Felony murder case in cop’s death begins 1

Jagger Freeman, right, and his attorney, Ronald Nir, in court Tuesday.

Details surrounding the friendly-fire death of Queens Det. Brian Simonsen during a botched 2019 robbery emerged for the first time this week at the opening of the trial of one of his accused killers.

Three years after Simonsen was killed, the murder trial of Jagger Freeman — the man who claims he was merely the lookout in the robbery of a T-Mobile store in Richmond Hill where the shooting occurred — began Tuesday in Queens Criminal Court.

Freeman, 28, claims he was unarmed during the robbery and fled the scene as soon as police arrived.

But he has been charged with felony murder, a centuries-old tenet of criminal law that allows prosecutors to charge defendants with murder if an innocent person dies in the commission of a crime — even if the accused was not directly involved in the death.

Freeman’s defense lawyer, Ronald Nir, is expected to argue to the jury that Freeman was across the street from the store during the robbery and did not know that his accomplice, Christopher Ransom, who was inside, was armed.

As it turned out, the firearm Ransom brandished at a store employee and then the cops was a fake.

On Sept. 12, 2019, Simonsen, 42, was among the first cops to respond to the call of a robbery in progress at the T-Mobile store on Atlantic Avenue and 120th Street.

When confronted by police, Ransom refused to drop his gun and pointed it at the cops, who opened fire on him. Eight officers fired more than 40 shots, according to the police account, seriously wounding Ransom. Simonsen and another officer, Sgt. Matthew Gorman, were caught in the barrage.

Gorman was wounded in the leg and survived. Simonsen, shot in the chest, died on the way to Jamaica Hospital Medical Center.

Prosecutor Shawn Clark told the jury this week that Freeman — whom he claimed planned the robbery — “set in motion the events that led to [Simonson’s] death.”

The Police Department has never provided a full explanation of what happened that chaotic night and claims it has never been able to determine which officer’s gun fired the bullet that struck Simonsen.

In the course of his hour-long opening statement, Clark disclosed new information about the shooting, including that Simonsen was standing on the sidewalk in front of the store when Ransom emerged from the back, his arm extended with the fake gun pointed at the detective “just feet away,” he said.

It was Simonsen who fired the first shots at Ransom, said Clark.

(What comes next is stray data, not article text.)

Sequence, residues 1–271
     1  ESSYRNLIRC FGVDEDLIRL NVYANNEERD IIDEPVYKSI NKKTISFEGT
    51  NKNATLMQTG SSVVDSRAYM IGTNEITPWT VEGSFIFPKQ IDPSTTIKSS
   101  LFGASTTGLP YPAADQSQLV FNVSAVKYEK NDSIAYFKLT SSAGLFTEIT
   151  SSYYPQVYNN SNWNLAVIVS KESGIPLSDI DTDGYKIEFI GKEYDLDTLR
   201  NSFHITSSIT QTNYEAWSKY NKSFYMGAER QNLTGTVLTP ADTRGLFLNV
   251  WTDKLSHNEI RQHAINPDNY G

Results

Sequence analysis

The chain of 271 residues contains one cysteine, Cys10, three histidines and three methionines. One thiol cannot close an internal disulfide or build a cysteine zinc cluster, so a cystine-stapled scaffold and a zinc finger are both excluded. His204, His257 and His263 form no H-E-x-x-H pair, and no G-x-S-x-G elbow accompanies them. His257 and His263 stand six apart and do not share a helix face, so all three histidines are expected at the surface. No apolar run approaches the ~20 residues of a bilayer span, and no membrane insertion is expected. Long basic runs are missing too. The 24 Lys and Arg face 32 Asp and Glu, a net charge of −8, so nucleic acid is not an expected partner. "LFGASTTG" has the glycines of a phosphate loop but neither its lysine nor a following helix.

“Other officers thought Ransom was firing,” the prosecutor explained to the jury and began to shoot back.

As Simonsen moved to find cover, he turned into another officer’s line of fire and caught a police bullet under his right arm. The single chest wound was fatal.

Security cameras caught Freeman at first walking quickly away from the scene of the shooting, the prosecutor said. “A block away, he started to run,” said Clark.

Ransom, who recovered from his wounds, pleaded guilty late last year to aggravated manslaughter in a plea bargain and was sentenced to 33 years in prison.

Freeman’s case has been more problematic.

Most states have laws on the books that permit prosecutors to charge criminal accomplices with felony murder, though the concept has come under intense scrutiny in recent years for its uneven application.

For instance, it is possible, critics argue, to charge the owner of car used in a fatal holdup with murder under the felony statute even if the owner was nowhere near the scene.

To counter Freeman’s claim that he was a mere lookout in a petty robbery gone wrong, Queens District Attorney Melinda Katz’s office has scheduled an unusually long list of witnesses for his trial. Prosecutors plan to call 45 witnesses during a case that will last at least six weeks, a spokesperson for Katz estimated.

Finding enough jurors to sit for such a lengthy trial took several weeks.

More than 800 potential jurors were screened to come up with the jury of eight men and four women — plus five alternates — that will hear the case, Judge Kenneth Holder said in his opening remarks.

Clark told jurors Freeman and Ransom left a long trail of text messages and phone calls before the Richmond Hill robbery as well as a stick-up at another mobile phone store in St. Albans four days earlier.

Nearly all the available seats in the courtroom were occupied by NYPD detectives — perhaps 30 in all — on Tuesday to witness opening arguments.

Freeman, who has been held on Rikers Island awaiting trial for more than three years, glanced only once at the spectators when he was brought into the courtroom and turned away quickly.

(1) comment

Ben Dubin

How did the cops not see that the detective was getting close to their line of fire? It seems that they're trying to shift the blame for their incompetence to some patsy.

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